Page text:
The Sacramento Solons, a Triple-A Minor League Baseball team affiliated with the Milwaukee Brewers played three seasons in Hughes Stadium from 1974 to 1976. In 1976, the Solons' affiliation changed to the Texas Rangers. As a football and track stadium, the field was expectedly unsuitable for baseball, with a left field foul line reportedly only 233 feet long, or 17 feet shorter than the minimum requirement 250 feet, but baseballs hit over the high screen were still counted as home runs. This photo, though somewhat exaggerated due to the zoom lens, provides a sense of the closeness of the left field area.

Track and field championships[edit]

Hughes Stadium was the site of the 1968 AAU National Championships. At the meet, the evening of June 20, 1968, when three men, Jim Hines, Ronnie Ray Smith and Charlie Greene, bettered the (hand timed) world record in the 100 metres (and several others were very close), is famous amongst track and field historians as the "Night of Speed."[8][9] It was also host to the 1995 NCAA Men's Outdoor Track and Field Championships as well as several other championship events. The stadium was the host of most long distance races at the 2011 World Masters Athletics Championships .[10]


On September 9, 1978, Pete Ranzany fought for the world WBA welterweight title against champion José Cuevas, more commonly known as Pipino Cuevas. A crowd of 17,000 plus fans watched Cuevas knock out Ranzany in the 2nd round.

Causeway Classic[edit]

Though Sacramento State and UC Davis traditionally switched stadiums for the annual Causeway Classic football game, Hughes Stadium was used as a third-party venue for several games in the 1970s, 1980's, 1990's and last in 2002. Hughes Stadium was the host of the famous "mud bowl" in 2000, where wind and rain was so strong that a UC Davis punt actually flew backwards during the game.


Hughes Stadium's track has been used for Midget car racing.[1]

Sacramento Pop Festival[edit]

It was the site for the Sacramento Pop Festival in 1967.

Pink Floyd[edit]

Hughes Stadium was the venue for Pink Floyd on April 20, 1988 during their Momentary Lapse of Reason tour in front of a sold-out crowd of 27,000 people.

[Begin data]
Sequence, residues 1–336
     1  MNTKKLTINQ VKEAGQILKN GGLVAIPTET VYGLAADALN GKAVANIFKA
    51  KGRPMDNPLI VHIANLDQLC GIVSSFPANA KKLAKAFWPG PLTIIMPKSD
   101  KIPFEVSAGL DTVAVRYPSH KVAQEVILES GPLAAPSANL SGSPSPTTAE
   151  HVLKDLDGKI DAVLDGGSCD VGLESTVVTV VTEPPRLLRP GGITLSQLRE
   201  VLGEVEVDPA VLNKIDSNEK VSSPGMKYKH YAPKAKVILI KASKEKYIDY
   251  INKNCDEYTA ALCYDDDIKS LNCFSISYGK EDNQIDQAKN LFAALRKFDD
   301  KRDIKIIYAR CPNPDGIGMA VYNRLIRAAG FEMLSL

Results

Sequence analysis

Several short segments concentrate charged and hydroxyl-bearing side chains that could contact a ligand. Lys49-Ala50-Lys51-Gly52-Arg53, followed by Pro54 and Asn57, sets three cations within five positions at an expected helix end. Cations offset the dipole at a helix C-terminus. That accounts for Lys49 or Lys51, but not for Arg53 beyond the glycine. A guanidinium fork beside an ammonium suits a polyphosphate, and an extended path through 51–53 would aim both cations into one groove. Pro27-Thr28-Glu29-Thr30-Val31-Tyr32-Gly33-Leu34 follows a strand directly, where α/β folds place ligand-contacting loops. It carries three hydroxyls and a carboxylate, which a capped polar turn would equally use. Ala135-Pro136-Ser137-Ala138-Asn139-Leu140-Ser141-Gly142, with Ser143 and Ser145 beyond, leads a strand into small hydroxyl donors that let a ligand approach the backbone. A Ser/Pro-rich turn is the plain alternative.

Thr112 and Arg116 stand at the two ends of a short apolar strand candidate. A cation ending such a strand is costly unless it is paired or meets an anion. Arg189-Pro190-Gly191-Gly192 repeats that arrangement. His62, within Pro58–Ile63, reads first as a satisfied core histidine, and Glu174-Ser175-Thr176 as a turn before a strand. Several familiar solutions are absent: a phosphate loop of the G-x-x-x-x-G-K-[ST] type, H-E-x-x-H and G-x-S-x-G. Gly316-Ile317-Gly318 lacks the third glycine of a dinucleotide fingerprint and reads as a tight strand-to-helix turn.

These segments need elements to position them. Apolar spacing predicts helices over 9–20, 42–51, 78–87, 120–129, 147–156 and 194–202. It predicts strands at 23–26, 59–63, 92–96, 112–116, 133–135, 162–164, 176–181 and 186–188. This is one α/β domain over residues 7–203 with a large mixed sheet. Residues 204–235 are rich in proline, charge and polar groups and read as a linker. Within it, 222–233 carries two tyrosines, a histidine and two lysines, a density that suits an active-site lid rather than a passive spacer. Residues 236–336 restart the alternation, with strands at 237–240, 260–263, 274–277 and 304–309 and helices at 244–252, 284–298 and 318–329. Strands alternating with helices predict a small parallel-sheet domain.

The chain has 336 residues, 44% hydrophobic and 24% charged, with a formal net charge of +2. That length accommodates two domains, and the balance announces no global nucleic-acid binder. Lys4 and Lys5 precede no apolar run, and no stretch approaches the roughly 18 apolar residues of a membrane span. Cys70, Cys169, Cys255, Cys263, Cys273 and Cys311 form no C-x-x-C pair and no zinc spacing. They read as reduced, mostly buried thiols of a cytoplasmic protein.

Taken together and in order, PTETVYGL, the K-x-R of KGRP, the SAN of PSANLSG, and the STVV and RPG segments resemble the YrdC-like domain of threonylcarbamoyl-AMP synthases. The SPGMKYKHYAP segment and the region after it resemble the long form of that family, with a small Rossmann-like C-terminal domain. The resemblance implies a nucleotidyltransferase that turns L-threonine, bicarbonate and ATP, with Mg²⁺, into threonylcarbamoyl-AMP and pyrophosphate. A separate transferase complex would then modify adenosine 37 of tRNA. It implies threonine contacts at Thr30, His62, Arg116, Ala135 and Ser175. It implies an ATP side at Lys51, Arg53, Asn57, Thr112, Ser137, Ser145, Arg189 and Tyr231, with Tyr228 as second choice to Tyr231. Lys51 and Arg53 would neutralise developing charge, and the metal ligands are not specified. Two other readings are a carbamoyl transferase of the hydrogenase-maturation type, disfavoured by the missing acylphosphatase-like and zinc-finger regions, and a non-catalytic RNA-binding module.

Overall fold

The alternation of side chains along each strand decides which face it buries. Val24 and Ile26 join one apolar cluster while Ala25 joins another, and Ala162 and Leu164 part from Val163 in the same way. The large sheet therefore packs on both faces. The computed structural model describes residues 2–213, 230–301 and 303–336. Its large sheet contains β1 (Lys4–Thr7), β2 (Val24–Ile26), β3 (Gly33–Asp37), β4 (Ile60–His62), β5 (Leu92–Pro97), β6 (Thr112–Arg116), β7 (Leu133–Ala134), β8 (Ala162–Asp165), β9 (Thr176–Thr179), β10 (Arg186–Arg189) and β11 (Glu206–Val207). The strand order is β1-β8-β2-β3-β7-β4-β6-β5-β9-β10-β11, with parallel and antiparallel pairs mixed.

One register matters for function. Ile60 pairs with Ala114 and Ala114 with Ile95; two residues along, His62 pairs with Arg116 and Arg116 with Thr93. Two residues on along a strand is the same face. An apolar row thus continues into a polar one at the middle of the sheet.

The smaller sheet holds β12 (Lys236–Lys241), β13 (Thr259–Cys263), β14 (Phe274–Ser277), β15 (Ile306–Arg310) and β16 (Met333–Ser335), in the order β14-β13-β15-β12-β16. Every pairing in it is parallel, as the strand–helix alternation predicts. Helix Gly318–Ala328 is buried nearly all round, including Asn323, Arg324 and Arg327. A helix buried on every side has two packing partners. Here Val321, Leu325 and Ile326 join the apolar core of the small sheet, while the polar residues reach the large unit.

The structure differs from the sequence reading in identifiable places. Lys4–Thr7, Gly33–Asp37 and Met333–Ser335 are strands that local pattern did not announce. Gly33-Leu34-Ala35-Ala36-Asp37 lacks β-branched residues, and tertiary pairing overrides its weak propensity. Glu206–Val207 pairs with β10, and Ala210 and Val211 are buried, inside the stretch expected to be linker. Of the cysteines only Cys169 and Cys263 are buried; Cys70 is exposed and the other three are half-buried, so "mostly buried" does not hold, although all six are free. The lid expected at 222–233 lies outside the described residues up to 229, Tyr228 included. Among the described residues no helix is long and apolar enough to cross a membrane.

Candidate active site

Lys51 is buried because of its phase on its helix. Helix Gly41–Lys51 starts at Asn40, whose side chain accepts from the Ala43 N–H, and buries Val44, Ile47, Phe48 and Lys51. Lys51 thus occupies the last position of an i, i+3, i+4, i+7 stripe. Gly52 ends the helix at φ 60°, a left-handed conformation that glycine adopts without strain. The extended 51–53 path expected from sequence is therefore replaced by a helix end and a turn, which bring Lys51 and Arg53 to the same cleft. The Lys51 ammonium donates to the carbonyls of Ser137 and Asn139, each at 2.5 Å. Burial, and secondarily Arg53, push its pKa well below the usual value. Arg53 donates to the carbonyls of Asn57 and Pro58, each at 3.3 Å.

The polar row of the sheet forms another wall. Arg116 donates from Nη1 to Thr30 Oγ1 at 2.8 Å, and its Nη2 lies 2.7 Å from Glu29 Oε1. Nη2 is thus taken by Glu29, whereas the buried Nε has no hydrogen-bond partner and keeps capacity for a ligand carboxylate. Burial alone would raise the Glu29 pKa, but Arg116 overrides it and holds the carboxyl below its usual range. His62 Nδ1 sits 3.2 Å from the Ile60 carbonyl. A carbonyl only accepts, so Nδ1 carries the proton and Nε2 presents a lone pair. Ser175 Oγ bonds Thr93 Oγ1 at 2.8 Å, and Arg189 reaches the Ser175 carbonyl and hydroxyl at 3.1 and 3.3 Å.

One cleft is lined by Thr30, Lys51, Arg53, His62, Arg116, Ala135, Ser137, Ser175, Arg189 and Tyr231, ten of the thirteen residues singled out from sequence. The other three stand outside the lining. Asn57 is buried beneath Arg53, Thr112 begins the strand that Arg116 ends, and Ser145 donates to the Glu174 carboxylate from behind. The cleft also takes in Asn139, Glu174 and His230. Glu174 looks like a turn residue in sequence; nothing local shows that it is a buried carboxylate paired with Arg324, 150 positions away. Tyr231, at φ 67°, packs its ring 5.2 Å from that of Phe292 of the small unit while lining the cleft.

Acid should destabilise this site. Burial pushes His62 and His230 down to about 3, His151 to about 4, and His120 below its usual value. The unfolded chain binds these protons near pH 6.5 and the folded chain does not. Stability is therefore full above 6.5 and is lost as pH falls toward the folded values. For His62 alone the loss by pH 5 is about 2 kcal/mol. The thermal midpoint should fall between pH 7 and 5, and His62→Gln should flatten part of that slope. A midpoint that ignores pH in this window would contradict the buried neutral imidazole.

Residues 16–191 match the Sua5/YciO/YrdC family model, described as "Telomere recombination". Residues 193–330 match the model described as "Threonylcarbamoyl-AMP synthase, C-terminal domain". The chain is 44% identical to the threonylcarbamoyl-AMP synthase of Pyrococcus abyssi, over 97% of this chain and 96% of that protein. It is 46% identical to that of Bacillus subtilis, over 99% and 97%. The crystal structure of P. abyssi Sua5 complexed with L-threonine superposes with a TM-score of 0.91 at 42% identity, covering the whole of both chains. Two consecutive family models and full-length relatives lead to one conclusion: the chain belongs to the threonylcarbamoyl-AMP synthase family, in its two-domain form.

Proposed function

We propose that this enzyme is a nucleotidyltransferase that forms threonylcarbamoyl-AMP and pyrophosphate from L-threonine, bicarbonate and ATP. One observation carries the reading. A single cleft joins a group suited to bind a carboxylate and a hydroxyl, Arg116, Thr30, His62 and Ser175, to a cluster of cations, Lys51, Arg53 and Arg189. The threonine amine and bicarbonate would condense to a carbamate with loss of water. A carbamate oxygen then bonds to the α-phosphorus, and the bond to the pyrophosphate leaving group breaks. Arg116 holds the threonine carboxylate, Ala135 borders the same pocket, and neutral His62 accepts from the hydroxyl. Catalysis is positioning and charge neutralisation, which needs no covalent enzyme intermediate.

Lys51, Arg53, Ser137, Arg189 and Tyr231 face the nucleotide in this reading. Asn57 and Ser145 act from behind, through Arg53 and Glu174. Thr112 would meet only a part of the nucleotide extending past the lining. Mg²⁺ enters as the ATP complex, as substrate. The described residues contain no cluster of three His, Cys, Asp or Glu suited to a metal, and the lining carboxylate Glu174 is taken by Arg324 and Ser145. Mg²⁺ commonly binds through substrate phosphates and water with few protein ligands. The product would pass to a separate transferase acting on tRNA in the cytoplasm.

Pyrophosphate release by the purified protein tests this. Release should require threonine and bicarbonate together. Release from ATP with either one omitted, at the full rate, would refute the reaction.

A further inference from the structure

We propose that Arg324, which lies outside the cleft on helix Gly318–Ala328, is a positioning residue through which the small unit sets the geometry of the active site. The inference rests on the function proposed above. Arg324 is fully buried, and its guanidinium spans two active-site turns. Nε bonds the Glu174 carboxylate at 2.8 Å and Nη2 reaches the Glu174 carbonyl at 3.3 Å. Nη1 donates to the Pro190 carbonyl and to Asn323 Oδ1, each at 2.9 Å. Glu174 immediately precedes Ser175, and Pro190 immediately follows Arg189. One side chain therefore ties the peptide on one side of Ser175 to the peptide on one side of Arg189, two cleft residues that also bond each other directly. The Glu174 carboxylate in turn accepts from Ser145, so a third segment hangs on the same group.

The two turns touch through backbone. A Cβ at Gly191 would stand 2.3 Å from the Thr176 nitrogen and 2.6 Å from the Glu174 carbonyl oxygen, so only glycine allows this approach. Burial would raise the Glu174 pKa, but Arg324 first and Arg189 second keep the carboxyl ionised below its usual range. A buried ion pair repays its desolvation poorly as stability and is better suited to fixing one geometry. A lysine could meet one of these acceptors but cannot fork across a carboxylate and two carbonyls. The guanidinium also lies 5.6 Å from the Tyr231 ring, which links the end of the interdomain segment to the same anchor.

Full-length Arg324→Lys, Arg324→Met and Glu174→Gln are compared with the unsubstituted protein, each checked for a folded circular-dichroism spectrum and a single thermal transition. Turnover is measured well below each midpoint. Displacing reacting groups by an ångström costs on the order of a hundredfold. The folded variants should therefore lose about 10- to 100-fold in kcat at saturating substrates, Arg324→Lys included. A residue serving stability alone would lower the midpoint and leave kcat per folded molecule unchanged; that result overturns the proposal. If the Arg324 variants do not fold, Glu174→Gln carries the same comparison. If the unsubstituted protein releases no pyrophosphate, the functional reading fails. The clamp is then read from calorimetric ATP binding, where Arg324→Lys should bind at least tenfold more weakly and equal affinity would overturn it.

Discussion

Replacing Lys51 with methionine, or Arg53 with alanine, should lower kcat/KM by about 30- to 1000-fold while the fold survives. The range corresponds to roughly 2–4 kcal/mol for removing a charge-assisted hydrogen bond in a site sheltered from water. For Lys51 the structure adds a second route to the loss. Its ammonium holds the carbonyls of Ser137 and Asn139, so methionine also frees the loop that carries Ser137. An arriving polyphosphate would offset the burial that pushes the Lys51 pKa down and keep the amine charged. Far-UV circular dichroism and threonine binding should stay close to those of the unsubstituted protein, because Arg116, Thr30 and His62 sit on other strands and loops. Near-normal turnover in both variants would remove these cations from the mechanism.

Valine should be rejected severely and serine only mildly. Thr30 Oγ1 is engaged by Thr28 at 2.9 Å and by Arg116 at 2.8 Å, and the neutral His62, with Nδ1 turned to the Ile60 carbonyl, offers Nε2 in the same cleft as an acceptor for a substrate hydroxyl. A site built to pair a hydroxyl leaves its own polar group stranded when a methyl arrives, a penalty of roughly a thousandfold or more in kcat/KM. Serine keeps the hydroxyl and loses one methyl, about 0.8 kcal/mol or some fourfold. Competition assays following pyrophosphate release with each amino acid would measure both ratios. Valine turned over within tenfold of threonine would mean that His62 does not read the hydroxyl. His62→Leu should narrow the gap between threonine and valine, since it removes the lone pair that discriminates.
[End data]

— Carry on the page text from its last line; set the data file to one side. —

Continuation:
Pig Bowl[edit]

For many years the "Pig Bowl" was played at Hughes Stadium. The teams were composed of the Sacramento City Police Officers and the Sacramento County Sheriff's Deputies. These were mostly played in the 1970s.

Sacramento Mountain Lions[edit]

During the 2012 season, the Sacramento Mountain Lions of the United Football League used Hughes Stadium as their practice facility.[11]

Sacramento Republic FC[edit]

The expansion USL Pro soccer club Sacramento Republic FC played the first few home games of 2014 at Hughes Stadium, where their per-game attendance dwarfed that of the rest of the league, and where they recorded three sellouts.[12] The team left Hughes in June 2014 for Bonney Field, a newly built facility in Cal Expo with a full-sized soccer field and lower capacity.


  1. ^
  2. ^ "Sacramento City Unified School District". Archived from the original on 2006-09-18. Retrieved 2009-11-08.
  3. ^ a b "Sacramento Surge History". Retrieved 2018-01-23.
  4. ^ "Sacramento Surge Hopes To Electrify". Lodi News-Sentinel. December 5, 1990.
  5. ^ "Surge Begins WLAF Action". Lodi News-Sentinel. March 14, 1992.
  6. ^ "Surge Begins WLAF Action". Lodi News-Sentinel. March 14, 1992.
  7. ^ Crossley, Drew. "1968–1969 Sacramento Capitols". Retrieved 14 November 2016.
  8. ^
  9. ^ "Archived copy". Archived from the original on 2012-09-22. Retrieved 2014-04-11.
  10. ^ 2001 World Masters Athletics Championships
  11. ^ Mountain Lions begin season with morning practice. KTXL. Retrieved September 22, 2012.
  12. ^ "Republic FC Set To Face Arizona: Sellout crowd set for final game at Hughes Stadium". United Soccer Leagues. 6 June 2014. Archived from the original on 7 July 2014. Retrieved 5 July 2014.
Preceded by
Orlando Stadium
Host of the NCAA Division I-AA National Championship Game
Succeeded by
Memorial Stadium (Wichita Falls)

Coordinates: 38°32′26″N 121°29′12″W / 38.54056°N 121.48667°W / 38.54056; -121.48667